Cracking Wordles using code

Siddharth Shyniben
·Feb 21, 2022·

3 min read

Cracking Wordles using code

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If you haven't been living under a rock, you probably have been playing Wordle. Like a lot of people I kinda started playing it daily, and like a lot of developers I started looking for ways to algorithmically crack it. Eventually I ended up writing a Wordle Solver which can reliably crack wordles in 4 moves or less.

Wordle Solver in action

I just thought I'd walk you through how I created this tool and how it works.

Finding words which match

The first thing I set out to work on was to find an algorithm which, given a word list and a guess, would filter out the words which can be possible answers to that wordle.

Possible matches

So I wrote this huge function to compare a guess to see if it matches:

function compareGuess(guess, color, answer) {
    const matched = [];
    const len = guess.length;

    for (let i = 0; i < len; i++) {
        if (answer[i] === guess[i]) {
            if (color[i] !== 'g') return false;

        } else {
            if (color[i] === 'g') return false;

            if (color[i] === 'y') {
                const indexes = getAllIndexes(answer, guess[i])
                const filtered = indexes.filter(index => !matched.includes(index))

                if (filtered.length === 0) return false;

                const first = filtered[0];

            if (color[i] === 'k' /* printers */ || color[i] === 'b') {
                const allOccurances = getAllIndexes(answer, guess[i]);
                const filtered = allOccurances.filter(index => !matched.includes(index));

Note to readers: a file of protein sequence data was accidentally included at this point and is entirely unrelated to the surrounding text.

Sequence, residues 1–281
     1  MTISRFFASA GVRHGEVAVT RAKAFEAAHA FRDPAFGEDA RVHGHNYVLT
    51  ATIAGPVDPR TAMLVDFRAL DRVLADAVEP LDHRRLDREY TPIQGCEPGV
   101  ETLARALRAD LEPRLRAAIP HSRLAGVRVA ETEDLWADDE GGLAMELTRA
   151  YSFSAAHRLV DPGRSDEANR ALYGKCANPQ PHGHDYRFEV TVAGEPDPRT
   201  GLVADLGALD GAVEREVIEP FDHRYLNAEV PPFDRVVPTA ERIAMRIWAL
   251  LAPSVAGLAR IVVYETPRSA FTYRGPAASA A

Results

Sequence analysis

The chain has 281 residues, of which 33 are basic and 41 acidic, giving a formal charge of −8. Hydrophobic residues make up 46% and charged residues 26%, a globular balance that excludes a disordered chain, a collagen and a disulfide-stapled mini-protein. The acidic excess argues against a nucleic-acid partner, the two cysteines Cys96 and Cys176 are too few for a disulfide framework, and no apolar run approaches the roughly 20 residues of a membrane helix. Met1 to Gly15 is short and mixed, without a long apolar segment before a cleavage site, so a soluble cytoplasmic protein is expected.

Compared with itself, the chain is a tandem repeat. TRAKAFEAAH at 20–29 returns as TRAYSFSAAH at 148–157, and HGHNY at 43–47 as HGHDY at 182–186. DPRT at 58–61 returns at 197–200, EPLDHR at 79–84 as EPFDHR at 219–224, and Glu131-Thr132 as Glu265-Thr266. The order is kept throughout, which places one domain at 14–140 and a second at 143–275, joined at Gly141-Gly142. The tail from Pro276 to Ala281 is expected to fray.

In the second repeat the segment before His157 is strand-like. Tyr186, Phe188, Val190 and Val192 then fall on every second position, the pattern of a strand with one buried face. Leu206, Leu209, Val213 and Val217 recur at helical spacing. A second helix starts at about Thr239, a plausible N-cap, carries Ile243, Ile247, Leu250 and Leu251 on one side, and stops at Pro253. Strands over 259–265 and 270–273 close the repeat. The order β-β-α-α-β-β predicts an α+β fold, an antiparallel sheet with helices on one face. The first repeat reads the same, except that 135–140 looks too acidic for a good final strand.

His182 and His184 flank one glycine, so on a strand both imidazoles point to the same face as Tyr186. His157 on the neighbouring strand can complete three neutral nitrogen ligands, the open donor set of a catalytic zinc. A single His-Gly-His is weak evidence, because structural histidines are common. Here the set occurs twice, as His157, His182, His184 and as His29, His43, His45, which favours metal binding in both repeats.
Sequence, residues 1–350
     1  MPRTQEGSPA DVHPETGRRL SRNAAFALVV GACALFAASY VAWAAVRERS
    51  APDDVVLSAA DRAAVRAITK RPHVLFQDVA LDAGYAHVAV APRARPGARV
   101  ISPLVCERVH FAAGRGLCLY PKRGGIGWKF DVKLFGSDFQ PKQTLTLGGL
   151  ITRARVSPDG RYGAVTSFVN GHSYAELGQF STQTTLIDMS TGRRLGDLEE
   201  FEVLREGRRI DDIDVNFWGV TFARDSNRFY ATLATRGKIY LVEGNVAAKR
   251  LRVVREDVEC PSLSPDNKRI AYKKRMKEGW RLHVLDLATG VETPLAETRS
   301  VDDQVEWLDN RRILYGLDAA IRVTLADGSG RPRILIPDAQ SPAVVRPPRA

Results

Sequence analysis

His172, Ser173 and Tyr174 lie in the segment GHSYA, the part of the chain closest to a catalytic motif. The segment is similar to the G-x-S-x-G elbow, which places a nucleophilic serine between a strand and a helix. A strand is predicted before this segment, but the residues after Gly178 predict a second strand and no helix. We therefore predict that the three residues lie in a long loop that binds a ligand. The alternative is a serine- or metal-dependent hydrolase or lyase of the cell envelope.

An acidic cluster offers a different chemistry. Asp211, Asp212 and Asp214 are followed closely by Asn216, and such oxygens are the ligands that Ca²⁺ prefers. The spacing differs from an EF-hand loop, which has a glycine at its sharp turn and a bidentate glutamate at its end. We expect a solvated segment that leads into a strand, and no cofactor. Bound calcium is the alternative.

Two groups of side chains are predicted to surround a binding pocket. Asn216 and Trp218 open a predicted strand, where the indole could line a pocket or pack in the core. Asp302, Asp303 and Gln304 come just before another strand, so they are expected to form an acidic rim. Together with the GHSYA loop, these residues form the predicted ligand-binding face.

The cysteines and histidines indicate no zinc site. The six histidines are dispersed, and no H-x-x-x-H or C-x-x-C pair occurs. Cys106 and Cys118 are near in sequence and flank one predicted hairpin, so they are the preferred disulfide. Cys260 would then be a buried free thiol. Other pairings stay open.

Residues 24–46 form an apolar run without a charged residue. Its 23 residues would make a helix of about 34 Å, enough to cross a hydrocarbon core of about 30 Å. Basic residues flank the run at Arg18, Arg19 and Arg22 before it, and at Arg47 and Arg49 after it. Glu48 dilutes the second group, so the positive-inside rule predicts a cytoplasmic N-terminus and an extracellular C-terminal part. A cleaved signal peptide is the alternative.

if (filtered.length > 0 && !(guess[filtered[0]] === answer[filtered[0]])) return false;

    return true;

I didn't expect it to be so big!

Next I just ran it through a list of all 13 thousand allowed words on wordle and then picked out the best words.

I didn't use the smaller 2k set of possible answers because I felt that the other words could provide more information (I'm not really sure of this but ¯\_(ツ)_/¯) and also because I didn't know where to find that list 🤣

This works, but there's a problem. It gives us words in alphabetic order and sometimes you can get words like aahed which don't really sound like real words and which are unlikely to be the answer.

So, I applied a sorter which sorted words with higher probability first.


You can try it out yourself by cloning the repo and running node index.js

The future

This solver is not done yet! I've got a few more ideas to implement.

I tried making an algorithm which sorts the words which cut down our list of words the most, but it ended up crashing my computer 🤣. I will try rewriting it in a more efficient language like rust, go or c and give it a try.

Do you have any ideas on how to make this more efficient? Feel free to comment!

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